Less crowds and local immersion are just two reasons to step off the popular tourist circuit. Home stays and heritage hotels in more remote destinations offer personalized and authentic experiences.
Morning at leisure to explore the town and visit the local markets.
Later, drive to Udaipur (2 hours). With a wealth of enchanting lakes, Udaipur is a true oasis in Rajasthan. Dotted with marble palaces, hibiscus gardens, and fountain pavilions, Udaipur appeals to the imagination of poets, painters, and writers. The city's inherent romance, beauty, and remarkable past redolent with episodes of heroism and splendor continue to enthrall travelers. Udaipur, the City of Dawn, looms up like a vision in white.
In the evening, enjoy a private boat ride in Lake Pichola. Overnight.
After breakfast, visit the 17th century Jagdish temple, drive around the Fatehsagar Lake, and visit the Sahelion ki Bari, an ornamental pleasure garden with fountains and marble kiosks.
In the afternoon, meet with patrons of the traditional tie and dye art. For centuries artisans of Udaipur have created woven, printed dyed and embroidered textiles. These artists have practiced for generations preserving the identity of each art form. Variations in color, print, texture and finish of these textiles are inherent to the handmade process that have changed little over the years and reflect the individuality of the artist. It is a rare opportunity to experience the vibrant and diverse world of textiles up close, and at your own pace.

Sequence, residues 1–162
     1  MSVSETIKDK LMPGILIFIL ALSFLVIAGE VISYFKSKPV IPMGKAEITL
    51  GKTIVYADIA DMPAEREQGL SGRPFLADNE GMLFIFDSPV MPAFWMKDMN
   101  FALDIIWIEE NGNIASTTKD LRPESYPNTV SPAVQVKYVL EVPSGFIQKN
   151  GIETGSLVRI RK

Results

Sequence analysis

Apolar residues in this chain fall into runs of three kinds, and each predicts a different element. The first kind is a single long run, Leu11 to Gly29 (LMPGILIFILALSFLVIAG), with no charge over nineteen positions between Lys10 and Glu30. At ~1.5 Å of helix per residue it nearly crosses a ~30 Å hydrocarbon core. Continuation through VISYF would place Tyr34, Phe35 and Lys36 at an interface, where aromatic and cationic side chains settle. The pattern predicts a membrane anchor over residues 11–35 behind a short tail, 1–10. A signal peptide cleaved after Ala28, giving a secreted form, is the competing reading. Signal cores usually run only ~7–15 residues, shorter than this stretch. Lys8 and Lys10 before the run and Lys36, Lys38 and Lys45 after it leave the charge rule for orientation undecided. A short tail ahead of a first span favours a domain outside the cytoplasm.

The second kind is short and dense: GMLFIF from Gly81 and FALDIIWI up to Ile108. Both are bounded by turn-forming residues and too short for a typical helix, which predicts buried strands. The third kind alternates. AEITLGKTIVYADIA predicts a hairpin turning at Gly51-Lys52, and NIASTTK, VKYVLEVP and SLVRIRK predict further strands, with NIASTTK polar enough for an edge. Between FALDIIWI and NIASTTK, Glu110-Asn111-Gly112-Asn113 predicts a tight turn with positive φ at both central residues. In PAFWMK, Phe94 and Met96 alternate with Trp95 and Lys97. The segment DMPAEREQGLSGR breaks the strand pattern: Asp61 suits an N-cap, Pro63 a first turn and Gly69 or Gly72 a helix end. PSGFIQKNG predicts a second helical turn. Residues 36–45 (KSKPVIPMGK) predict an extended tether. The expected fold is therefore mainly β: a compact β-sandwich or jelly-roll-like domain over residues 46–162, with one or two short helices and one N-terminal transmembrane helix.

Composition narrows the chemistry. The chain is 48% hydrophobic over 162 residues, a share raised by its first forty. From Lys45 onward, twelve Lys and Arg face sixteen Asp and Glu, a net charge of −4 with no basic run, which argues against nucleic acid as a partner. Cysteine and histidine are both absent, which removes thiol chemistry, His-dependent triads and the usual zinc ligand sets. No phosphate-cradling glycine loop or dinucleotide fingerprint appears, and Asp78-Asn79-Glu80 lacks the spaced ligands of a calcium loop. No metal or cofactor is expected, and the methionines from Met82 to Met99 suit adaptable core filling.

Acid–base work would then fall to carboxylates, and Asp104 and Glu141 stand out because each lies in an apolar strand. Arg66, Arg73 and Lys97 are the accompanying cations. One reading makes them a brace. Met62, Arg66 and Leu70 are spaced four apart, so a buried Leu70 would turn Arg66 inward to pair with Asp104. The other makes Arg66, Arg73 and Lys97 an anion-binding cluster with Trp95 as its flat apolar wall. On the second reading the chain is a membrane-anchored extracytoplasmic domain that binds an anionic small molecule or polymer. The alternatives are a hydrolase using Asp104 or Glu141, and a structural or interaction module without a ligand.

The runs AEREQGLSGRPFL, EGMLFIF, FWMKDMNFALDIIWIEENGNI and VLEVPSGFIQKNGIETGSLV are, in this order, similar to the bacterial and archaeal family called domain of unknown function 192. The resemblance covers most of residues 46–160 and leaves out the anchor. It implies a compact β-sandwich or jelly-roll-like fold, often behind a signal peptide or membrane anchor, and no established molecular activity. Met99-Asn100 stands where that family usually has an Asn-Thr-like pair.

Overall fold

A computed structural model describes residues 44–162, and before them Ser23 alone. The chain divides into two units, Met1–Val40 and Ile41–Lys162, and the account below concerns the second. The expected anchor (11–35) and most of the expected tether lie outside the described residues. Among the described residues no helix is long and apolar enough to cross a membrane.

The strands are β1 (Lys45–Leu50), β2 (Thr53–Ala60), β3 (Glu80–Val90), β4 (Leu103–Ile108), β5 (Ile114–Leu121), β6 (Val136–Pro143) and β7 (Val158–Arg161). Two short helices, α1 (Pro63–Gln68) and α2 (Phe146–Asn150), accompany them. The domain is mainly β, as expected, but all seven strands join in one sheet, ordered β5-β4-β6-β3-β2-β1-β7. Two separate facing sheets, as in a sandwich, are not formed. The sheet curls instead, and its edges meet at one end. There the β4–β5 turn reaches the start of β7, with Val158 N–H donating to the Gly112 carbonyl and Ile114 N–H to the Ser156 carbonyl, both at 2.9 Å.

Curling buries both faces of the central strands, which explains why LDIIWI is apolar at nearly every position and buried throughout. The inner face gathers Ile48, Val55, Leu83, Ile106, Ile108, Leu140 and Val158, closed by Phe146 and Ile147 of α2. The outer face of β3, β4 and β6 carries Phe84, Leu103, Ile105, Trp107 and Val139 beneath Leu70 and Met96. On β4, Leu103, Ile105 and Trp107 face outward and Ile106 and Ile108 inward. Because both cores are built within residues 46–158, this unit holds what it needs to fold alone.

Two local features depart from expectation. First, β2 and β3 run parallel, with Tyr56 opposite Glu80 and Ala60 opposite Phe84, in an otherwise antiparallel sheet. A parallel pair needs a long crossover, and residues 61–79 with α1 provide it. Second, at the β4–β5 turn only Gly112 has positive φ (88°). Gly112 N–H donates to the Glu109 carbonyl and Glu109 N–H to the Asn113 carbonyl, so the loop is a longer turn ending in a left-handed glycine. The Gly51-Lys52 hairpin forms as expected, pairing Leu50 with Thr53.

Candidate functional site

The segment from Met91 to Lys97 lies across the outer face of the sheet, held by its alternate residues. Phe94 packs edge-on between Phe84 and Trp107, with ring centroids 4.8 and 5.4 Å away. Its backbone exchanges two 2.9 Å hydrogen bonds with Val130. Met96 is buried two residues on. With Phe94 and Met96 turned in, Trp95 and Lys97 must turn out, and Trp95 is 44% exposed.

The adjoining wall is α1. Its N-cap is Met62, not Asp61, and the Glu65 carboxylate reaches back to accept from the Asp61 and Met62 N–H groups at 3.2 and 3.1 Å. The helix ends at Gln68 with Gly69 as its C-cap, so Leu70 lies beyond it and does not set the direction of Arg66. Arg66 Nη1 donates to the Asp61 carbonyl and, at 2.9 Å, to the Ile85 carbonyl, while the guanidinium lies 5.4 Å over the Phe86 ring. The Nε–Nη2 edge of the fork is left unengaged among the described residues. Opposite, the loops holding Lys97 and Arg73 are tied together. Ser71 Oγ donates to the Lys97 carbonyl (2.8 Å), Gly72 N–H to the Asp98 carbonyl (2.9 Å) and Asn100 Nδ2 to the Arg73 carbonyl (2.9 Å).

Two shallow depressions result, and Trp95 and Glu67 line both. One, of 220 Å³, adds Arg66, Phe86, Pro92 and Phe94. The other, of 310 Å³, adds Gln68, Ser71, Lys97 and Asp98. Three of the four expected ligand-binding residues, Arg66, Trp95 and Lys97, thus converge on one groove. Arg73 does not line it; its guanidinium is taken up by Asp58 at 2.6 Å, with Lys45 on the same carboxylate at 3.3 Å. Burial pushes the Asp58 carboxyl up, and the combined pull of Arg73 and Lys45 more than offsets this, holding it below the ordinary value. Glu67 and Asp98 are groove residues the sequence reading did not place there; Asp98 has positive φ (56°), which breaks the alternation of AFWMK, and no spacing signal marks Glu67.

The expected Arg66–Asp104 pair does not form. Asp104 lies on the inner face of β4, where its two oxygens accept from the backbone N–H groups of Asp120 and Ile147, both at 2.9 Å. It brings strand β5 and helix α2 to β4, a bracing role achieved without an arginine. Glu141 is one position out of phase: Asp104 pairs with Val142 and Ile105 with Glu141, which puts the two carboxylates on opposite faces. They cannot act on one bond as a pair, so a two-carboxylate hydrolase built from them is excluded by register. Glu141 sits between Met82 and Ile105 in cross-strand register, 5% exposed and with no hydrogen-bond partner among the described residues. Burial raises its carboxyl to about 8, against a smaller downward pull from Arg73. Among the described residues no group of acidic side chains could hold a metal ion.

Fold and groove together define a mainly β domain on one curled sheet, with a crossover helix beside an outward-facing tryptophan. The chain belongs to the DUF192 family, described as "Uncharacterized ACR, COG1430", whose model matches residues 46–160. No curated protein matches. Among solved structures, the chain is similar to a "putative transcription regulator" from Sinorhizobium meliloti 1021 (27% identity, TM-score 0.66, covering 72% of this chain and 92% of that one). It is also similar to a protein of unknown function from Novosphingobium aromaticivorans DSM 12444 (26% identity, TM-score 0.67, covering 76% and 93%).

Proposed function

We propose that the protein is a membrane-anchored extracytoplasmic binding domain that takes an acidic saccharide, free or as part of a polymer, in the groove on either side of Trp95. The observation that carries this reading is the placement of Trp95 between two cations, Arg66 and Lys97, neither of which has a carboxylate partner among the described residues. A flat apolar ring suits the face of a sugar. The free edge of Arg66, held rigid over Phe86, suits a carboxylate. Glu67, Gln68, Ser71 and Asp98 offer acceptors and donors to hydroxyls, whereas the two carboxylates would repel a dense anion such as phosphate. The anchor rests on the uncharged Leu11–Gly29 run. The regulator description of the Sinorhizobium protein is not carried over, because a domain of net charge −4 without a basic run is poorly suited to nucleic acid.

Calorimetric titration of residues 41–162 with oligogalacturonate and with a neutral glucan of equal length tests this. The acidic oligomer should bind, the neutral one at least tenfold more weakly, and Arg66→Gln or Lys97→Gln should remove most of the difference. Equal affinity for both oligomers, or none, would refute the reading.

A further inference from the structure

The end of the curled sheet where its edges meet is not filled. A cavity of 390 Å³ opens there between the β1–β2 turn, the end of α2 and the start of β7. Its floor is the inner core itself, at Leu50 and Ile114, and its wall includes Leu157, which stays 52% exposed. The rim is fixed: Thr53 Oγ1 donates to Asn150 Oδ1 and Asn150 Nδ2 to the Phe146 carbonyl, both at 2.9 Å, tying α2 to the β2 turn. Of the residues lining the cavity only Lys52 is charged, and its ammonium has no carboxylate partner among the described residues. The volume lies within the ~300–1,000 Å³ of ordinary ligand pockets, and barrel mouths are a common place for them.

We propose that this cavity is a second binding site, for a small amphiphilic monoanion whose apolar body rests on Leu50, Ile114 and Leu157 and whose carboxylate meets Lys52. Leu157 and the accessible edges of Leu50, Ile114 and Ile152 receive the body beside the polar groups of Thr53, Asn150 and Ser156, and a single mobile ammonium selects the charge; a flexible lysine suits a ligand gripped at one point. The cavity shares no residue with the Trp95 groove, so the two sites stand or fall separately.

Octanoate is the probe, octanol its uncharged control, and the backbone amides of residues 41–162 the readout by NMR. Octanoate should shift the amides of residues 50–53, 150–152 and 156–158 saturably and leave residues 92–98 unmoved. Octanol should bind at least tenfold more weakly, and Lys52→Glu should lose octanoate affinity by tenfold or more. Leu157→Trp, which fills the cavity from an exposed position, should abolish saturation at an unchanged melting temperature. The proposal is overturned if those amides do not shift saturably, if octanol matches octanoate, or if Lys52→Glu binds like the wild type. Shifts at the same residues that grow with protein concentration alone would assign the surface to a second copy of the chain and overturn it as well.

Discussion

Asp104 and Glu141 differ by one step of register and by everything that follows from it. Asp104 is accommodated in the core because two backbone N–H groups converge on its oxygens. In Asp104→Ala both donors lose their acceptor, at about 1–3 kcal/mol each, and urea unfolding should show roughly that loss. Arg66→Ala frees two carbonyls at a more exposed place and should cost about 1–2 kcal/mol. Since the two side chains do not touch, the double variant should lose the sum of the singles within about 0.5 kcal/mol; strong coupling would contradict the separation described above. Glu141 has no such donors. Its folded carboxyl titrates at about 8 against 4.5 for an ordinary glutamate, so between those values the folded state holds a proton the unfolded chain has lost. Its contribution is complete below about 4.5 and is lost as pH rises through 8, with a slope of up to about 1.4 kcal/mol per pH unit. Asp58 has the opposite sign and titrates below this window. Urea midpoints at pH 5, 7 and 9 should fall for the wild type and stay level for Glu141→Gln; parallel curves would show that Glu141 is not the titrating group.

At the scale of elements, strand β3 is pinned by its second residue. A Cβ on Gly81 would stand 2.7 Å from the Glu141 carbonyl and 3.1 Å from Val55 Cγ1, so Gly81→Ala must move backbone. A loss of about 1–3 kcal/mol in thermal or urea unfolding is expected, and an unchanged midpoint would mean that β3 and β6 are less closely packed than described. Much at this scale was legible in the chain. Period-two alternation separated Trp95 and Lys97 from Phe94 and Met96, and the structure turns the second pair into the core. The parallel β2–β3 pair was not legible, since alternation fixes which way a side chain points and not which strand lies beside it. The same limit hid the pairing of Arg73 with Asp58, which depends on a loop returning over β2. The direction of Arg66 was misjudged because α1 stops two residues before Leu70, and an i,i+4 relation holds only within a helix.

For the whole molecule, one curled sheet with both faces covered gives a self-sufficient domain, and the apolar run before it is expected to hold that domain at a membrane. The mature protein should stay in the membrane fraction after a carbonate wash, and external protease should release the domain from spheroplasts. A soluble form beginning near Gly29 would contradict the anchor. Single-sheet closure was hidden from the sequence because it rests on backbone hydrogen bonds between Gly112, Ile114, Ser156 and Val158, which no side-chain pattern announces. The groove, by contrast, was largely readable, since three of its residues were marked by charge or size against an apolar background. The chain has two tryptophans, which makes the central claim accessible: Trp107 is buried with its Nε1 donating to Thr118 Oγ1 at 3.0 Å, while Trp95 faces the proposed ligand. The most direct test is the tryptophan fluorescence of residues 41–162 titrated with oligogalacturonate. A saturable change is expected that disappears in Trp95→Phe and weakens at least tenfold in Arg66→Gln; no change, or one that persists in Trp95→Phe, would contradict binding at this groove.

Evening at leisure and overnight.
After breakfast, drive to Jodhpur (6 hours). En-route, stop at Ranakpur, a pilgrimage destination famous for its exquisitely carved Jain temples. Surrounded by tangled forests with monkeys abounding in the courtyard, Ranakpur is one of the five important pilgrim centers for the Jain community. The temple, including the extraordinary array of 1144 pillars, is distinct in design with carved ceilings and arches decorated with friezes depicting scenes from the lives of the Jain saints.
Arrive in Jodhpur and transfer to your hotel. Jodhpur is affectionately termed the “Blue City” and is the second largest city in Rajasthan, located at the edge of the Thar Desert. It was founded in 1459 A.D. by Rao Jodha, chief of the Rathore clan of Rajputs. In Jodhpur, the genius of its sculptors comes to life in its exquisite palaces, forts, temples, and Havelis, which stand as a testimony to the imperial grandeur. Overnight.
Don't overschedule. An itinerary on paper rarely translates to real time and you will appreciate the extra buffer for unexpected delays.
After breakfast, visit Bishnoi Village for time in a traditional Rajasthani environment. The village offers a glimpse to rural tribal life. The villagers are worshippers of nature in all forms, especially the sanctity of plant and animal life. Return to Jodhpur and overnight.
Today, enjoy a thrilling zipline ride for an aerial tour of Mehrangarh Fort. * Ages 9+ can participate. With seven gates, the fort is one of the largest in India. Inside its boundaries there are several palaces known for intricate carvings and expansive courtyards.
After lunch, transfer to the airport for your flight to Delhi. Upon arrival, connect to your onward flight. Bon Voyage!